Lorne, Victoria

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Lorne
Victoria
Lorne, Victoria viewed from the west beach of Louttit Bay.jpg
Lorne, Victoria viewed from the west beach along Louttit Bay
Lorne is located in Surf Coast Shire
Lorne
Lorne
Coordinates 38°32′S 143°58′E / 38.533°S 143.967°E / -38.533; 143.967Coordinates: 38°32′S 143°58′E / 38.533°S 143.967°E / -38.533; 143.967
Population 967 (2006 census)
Established 1869
Postcode(s) 3232
Elevation 15 m (49 ft)
Location
LGA(s) Surf Coast Shire
State electorate(s) Polwarth
Federal Division(s) Corangamite
Localities around Lorne:
Benwerrin Benwerrin Big Hill
Barwon Downs Lorne Bass Strait
Barwon Downs Separation Creek Bass Strait

Lorne is a seaside town on Louttit Bay in Victoria, Australia. It is situated about the Erskine River and is a popular destination on the Great Ocean Road tourist route. Lorne is in the Surf Coast Shire and at the 2006 Census in Australia had a population of 967,[1] but this figure grows during the holiday season.

History[edit]

Prior to European settlement, Lorne was part of the traditional lands of the Gadubanud or King Parrot people of the Cape Otway coast according to Ian Clark,[2] although many popular websites report that the area was occupied by the Kolakngat Aborigines.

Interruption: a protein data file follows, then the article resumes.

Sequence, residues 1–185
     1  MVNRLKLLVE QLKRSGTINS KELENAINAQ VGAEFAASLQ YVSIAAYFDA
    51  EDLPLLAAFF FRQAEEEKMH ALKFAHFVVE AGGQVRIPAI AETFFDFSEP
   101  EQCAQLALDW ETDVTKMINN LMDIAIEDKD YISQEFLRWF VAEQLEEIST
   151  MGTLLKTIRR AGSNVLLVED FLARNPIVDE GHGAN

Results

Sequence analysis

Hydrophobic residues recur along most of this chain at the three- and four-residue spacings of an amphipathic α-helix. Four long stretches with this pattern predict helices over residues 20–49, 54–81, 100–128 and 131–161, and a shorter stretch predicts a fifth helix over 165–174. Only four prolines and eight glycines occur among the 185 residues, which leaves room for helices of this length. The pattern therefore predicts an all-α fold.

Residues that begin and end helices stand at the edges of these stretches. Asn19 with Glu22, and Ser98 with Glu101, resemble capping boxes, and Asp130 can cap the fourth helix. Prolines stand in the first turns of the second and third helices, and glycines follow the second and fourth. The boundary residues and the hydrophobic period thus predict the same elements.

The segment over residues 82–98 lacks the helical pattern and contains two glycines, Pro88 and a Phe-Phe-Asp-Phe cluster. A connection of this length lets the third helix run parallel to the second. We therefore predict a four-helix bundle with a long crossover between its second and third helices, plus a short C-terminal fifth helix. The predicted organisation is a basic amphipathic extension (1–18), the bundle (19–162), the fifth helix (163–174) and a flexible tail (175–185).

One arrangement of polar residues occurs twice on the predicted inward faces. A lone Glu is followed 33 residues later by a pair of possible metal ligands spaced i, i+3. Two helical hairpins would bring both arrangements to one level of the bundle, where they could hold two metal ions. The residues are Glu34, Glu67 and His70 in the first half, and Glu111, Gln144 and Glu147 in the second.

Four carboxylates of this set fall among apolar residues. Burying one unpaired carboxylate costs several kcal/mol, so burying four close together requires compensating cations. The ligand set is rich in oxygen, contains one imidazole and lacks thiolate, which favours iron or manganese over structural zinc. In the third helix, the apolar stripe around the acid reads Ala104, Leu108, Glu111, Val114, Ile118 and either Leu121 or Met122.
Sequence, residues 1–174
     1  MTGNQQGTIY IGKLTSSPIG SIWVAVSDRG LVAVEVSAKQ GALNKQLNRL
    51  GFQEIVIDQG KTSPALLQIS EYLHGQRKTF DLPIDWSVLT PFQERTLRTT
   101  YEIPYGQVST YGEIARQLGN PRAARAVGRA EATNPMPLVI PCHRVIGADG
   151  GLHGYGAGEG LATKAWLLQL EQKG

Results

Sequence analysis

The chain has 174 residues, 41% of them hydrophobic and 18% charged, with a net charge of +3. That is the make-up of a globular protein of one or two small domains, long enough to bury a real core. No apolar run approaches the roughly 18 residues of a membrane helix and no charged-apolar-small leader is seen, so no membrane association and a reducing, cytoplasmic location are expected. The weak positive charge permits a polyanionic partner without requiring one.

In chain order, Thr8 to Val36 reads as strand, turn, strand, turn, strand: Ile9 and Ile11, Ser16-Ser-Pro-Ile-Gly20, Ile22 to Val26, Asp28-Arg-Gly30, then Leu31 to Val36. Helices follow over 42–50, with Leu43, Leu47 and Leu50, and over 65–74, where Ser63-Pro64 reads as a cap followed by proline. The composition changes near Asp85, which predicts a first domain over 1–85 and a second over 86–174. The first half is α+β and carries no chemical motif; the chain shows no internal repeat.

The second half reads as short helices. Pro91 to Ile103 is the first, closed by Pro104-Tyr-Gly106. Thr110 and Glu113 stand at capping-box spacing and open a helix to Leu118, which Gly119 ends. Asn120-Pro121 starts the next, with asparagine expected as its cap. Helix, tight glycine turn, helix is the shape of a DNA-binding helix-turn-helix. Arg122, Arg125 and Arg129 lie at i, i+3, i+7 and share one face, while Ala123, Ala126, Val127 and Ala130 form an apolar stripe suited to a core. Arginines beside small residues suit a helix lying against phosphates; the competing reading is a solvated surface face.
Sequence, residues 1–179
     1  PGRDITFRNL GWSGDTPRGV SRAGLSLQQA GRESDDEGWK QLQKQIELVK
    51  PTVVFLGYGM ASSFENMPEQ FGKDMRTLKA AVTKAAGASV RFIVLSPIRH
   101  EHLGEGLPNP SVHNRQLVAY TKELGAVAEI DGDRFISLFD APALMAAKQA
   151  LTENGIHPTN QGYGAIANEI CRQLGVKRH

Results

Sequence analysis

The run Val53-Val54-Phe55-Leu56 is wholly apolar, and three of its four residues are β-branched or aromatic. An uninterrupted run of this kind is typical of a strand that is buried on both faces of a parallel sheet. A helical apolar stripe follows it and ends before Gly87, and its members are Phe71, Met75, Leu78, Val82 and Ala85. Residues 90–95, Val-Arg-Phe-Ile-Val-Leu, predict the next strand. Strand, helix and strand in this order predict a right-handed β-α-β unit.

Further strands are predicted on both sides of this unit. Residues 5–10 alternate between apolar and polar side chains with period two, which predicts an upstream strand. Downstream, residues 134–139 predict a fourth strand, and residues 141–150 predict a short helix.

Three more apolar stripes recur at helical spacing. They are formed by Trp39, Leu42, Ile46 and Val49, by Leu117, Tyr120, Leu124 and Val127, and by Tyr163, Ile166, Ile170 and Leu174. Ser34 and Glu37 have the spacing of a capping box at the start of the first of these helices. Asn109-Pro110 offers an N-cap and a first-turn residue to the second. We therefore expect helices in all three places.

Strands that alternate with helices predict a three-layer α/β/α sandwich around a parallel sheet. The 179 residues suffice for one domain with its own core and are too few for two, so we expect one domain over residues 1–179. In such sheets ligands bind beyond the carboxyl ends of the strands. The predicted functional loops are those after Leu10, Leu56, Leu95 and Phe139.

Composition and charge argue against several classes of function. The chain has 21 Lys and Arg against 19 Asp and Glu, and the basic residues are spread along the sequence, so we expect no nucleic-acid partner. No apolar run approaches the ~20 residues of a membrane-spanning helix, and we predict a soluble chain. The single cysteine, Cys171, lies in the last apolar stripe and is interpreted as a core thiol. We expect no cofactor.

Lorne is situated on a bay named after Captain Louttit, who sought shelter there in 1841 while supervising the retrieval of cargo from a nearby shipwreck. The coast was surveyed five years later in 1846. The first European settler was William Lindsay, a timber-cutter who began felling the area in 1849. The first telegraph arrived in 1859. Subdivision began in 1869 and in 1871 the town was named after the Marquess of Lorne from Argyleshire in Scotland on the occasion of his marriage to Princess Louise, one of Queen Victoria's daughters. The Post Office opened on 29 April 1874.[3]

In 1891, the area was visited by Rudyard Kipling who was inspired to write the poem Flowers, which included the line: